Given the apparent proliferation of data breaches (or at least their coming to light), I doubt that I can keep up, and so in future will comment only on those cases that illustrate some aspect of the GDPR.
That aspect today is the rampant push to get sensitive PII into the hands of cloud vendors and external (outsourced) developers and testers. I just came across some recent cases: Continue reading “Cloud apps and outsourcing bring new breaches”
This blog is dedicated to questions raised by the pending application of the GDPR (General Data Protection Regulation), which is coming into force on 25 May 2018.
- My experience, as a data modeler and analyst, is that very few data-processing shops have begun to compliance measures.
- Online materials focus on the headline aspects of the legislation, such as fines, audits, and liability, but few address day-to-day practical concerns.
What this blog aims to do is to leave the strictly legal questions to the lawyers and instead discuss the impact of the GDPR on business and IT, particularly in Belgium.
What follows are some GDPR challenges that have occurred to me thus far:
- getting started, given the vast number of tasks required
- it seems that IT operates with more limited resources than ever before; how can we accommodate privacy protection into this minimalist landscape
- visualizing the end-to-end development process
- organizing roles and responsibilities
- the relation between privacy and security measures
- managing the process/traceability paper-shuffle
- pondering open questions about non-EU providers, such as cloud applications and outsourcing companies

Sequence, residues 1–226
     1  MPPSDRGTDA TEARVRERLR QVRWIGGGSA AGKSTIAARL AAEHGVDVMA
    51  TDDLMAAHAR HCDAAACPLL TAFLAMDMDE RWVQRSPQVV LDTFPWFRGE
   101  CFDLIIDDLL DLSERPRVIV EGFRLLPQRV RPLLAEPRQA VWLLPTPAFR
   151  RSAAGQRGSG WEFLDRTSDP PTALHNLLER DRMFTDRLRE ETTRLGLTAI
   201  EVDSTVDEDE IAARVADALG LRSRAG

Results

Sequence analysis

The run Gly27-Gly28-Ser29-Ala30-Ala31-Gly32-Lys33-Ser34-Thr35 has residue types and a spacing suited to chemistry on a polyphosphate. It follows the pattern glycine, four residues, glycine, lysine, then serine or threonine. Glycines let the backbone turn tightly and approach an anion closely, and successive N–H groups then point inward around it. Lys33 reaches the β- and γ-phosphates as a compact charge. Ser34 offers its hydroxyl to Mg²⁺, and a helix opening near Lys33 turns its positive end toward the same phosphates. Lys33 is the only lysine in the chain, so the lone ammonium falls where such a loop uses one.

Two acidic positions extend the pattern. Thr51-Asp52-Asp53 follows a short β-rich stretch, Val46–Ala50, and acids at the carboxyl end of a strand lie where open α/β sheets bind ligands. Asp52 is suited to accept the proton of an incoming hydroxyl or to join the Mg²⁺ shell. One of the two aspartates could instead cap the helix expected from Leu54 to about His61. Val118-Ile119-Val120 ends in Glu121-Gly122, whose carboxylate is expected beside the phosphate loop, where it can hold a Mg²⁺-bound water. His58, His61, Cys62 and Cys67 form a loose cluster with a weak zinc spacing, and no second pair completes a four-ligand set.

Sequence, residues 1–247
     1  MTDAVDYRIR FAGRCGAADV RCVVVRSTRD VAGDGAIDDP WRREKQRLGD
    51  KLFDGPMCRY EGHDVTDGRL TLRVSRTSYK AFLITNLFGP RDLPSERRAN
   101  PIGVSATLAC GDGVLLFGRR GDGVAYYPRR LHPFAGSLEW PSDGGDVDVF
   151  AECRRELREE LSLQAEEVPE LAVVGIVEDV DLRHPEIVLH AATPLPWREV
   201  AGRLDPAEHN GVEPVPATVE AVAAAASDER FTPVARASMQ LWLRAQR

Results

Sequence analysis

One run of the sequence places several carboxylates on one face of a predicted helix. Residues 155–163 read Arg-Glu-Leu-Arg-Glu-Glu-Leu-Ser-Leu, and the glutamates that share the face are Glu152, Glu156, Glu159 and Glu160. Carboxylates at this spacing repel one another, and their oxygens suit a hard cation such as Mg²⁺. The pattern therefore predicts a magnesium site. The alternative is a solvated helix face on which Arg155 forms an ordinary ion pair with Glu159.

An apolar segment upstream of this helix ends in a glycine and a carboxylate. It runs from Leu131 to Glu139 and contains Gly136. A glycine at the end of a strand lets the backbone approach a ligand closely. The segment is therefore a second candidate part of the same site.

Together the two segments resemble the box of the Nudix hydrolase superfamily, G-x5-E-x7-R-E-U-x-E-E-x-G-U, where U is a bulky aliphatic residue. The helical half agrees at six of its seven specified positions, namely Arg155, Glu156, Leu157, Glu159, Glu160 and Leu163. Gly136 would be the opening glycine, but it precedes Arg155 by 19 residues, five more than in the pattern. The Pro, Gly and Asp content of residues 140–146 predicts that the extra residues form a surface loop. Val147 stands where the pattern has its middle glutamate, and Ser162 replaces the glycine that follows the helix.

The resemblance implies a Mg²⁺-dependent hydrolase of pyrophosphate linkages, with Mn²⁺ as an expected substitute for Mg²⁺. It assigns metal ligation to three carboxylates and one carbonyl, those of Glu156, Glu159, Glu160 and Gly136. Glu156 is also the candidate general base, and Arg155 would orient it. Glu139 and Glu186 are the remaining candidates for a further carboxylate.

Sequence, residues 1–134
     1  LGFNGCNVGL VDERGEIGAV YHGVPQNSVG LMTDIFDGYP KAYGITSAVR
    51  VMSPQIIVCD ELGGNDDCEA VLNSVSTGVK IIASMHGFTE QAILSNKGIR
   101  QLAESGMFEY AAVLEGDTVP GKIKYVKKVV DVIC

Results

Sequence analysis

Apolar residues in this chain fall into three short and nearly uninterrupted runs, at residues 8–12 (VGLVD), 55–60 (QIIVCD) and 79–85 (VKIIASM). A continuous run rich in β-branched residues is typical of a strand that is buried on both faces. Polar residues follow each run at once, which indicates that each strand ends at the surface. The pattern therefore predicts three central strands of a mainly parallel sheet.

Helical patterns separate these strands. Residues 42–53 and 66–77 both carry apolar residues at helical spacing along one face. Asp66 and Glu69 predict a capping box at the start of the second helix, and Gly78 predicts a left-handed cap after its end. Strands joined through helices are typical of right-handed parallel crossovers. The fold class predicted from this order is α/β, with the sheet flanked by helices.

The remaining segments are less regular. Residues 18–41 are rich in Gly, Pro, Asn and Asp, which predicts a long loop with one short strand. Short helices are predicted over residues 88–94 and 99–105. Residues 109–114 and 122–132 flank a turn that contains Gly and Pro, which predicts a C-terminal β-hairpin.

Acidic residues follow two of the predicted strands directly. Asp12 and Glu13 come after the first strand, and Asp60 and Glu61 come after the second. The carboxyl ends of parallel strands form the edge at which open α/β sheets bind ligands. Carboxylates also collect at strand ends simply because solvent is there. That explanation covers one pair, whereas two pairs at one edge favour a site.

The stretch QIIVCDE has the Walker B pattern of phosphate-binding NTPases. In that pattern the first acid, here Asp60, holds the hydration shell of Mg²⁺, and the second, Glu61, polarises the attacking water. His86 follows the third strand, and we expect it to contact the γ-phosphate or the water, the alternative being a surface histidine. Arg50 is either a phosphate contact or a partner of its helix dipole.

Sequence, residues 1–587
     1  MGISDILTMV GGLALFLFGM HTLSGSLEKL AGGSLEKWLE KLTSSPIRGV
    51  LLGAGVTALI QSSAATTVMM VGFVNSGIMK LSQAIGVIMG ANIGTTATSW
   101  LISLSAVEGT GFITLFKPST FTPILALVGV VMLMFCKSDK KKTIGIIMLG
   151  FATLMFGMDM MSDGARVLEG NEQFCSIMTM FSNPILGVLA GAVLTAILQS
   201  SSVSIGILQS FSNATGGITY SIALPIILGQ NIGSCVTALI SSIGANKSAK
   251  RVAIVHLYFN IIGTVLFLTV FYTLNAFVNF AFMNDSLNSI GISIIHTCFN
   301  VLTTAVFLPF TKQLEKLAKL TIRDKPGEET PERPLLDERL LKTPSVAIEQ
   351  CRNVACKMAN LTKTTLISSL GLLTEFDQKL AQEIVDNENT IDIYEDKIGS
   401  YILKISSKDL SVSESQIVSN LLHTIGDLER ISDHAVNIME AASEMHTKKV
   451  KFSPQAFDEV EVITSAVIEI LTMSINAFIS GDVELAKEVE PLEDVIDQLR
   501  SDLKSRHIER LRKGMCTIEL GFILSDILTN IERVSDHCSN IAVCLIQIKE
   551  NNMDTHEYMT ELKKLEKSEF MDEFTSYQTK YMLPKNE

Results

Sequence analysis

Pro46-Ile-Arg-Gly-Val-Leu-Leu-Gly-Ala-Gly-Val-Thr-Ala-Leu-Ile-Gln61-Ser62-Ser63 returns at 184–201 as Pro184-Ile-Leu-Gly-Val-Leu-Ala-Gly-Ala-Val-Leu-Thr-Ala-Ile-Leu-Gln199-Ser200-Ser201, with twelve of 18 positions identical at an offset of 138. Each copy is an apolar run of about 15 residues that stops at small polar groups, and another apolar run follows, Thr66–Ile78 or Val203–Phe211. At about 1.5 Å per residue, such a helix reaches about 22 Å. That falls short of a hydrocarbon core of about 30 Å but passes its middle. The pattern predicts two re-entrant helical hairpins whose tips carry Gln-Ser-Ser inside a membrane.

Viewing GDPR as a business risk
- risk assessment
- contingency planning
- revenue flows (e.g., marketing, selling data)
- Retro-fitting existing applications to make them compliant
- Organizing the development process to implement “Data protection by design and by default” (one of the chapters of the GDPR)
- How we might integrate Agile-type practices into protection-by-design
The Big Picture
- the global struggle between guarding privacy and the profitability of personal data
- globalization trends (cloud, outsourcing) and the conflict with privacy
- what level of protection is ‘good enough’?
Reading the text of the legislation
- what does it say on its face?
- where could we benefit from guidance from legal experts?
- assuming that national privacy auditors will use the legislation as a guide, how can it help us in our processes and contingency planning?
Ongoing developments – Given that privacy, data breaches, government action, court cases, and more can be expected in the run-up to GD-day, I will discuss events that appear significant to a broad audience.
Being new to blogging in general and WordPress in particular, I expect to have some teething problems. In particular, I will have to learn how to handle comments so as to keep discussions civil and on-topic. Please bear with me; I hope you will find this to be a useful resource.